Classification

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If, after processing into the jail, an inmate is unable to post bond, pay a fine, or otherwise secure release, they will meet with a classification officer for assignment to the appropriate living unit within the jail.  “Classification” refers to the process for determining an inmate’s appropriate housing and security level.

Objective classification is a process wherein a determination will be made regarding an inmates housing assignment.  During the inmates initial 72 hours of confinement, the classification officers will gather information about their criminal record, past confinement, adjustment, and discipline history.  This information will be utilized to determine the correct classification for that inmate. There are three (3) levels of classification: Level 1 Minimum; Level 2 Medium; and Level 3 Maximum.  Privileges and housing assignments are based upon classification level.

Minimum Classification   This classification offers the most privileges in the jail which may include:

  • Dayroom Time: 6:00am – Midnight
  • Full commissary order list including music players, pillows, and tennis shoes
  • Use of microwaves (if available)
  • Bible study and other programming eligibility
  • One twenty-minute non-contact visitation per week
  • Weekly Video Visitation visits
  • Inmate worker eligibility

Medium Classification:  This classification offers most available privileges in the jail which may include:

  • Dayroom Time 6:00am – 10:00pm
  • Full commissary order list including music players, pillows, and tennis shoes
  • Use of microwaves (if available)
  • Bible study and other programming eligibility
  • Weekly Video Visitation visits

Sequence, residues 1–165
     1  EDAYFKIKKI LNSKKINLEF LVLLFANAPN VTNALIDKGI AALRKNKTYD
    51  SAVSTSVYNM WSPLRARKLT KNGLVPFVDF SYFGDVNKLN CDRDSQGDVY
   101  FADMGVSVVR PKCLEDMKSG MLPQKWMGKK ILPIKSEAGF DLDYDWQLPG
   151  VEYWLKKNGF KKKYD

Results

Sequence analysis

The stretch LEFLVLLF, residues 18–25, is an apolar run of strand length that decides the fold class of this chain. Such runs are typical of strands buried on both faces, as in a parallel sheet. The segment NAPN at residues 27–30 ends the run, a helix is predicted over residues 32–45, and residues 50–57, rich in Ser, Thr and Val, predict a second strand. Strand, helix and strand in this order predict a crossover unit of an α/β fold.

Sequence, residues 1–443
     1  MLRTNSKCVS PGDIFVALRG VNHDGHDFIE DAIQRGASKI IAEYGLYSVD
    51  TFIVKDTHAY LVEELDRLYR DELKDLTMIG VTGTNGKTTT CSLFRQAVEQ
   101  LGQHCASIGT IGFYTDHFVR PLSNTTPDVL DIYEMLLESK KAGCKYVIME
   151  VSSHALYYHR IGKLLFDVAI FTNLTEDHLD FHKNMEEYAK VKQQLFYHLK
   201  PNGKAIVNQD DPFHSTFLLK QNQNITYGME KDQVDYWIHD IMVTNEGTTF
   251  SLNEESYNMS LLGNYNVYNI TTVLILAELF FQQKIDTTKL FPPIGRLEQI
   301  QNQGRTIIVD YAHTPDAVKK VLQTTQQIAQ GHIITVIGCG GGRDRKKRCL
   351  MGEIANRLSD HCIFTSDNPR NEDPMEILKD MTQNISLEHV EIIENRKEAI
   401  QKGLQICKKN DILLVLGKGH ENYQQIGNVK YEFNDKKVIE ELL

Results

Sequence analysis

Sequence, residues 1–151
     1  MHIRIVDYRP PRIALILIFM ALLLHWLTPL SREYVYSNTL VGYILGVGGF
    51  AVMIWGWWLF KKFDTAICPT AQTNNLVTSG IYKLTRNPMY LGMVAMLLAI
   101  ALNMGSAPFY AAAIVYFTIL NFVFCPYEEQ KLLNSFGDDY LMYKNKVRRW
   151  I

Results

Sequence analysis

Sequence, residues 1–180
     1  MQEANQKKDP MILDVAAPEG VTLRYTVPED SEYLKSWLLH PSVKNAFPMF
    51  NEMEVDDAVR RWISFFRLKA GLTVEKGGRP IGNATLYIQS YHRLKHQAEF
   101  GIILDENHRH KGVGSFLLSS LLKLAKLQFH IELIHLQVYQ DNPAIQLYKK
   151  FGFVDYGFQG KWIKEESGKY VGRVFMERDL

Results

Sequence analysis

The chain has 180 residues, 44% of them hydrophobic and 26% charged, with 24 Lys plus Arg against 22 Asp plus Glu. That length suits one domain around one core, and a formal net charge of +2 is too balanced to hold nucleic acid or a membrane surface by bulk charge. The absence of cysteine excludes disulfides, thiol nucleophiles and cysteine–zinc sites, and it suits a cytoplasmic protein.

• Inmate worker eligibility

Maximum Classification:  This classification offers the least privileges in the jail which may include:

  • Dayroom Time 6:00am – 9:00pm
  • A very limited commissary products order list including music players
  • Weekly Video Visitation visits
  • Limited Programming

There are a number of factors used to determine an inmates long-term housing assignment.  No one factor is more important than any other.  However, the inmates’ ability and willingness to follow all jail rules and staff instruction will receive a high degree of consideration.

All inmates are eligible to be reclassified approximately 60 days from the initial classification. After this 60 day period, an inmate may write to the classification office to request a reclassification authorization.  If an inmate acts in an exemplary manner, staff members may note this fact in the inmate’s record.  This may result in assignment to a lower security level with more privileges as a reward for good behavior.  When this occurs the inmate will be moved from their present location to the lower security level.  If the inmate does not wish to go to the lower level, they will be moved to a different housing unit of their same security level.  The inmate will not be considered for reclassification to a lower level again for the rest of their current stay at the Racine County Jail.

When there are jail rule violations resulting in disciplinary reports, the inmate may be reclassified at that time.  An inmate’s bad behavior and the reclassification may result in assignment to a higher classification level with fewer privileges.  The inmates’ 60-day time for reclassification will start over again from that date.

An inmates’ classification determination is appealable.  An inmate may request, in writing, an appeal to the Classification Supervisor.  The supervisor will determine the legitimacy of the appeal and any actions to be taken regarding the appeal.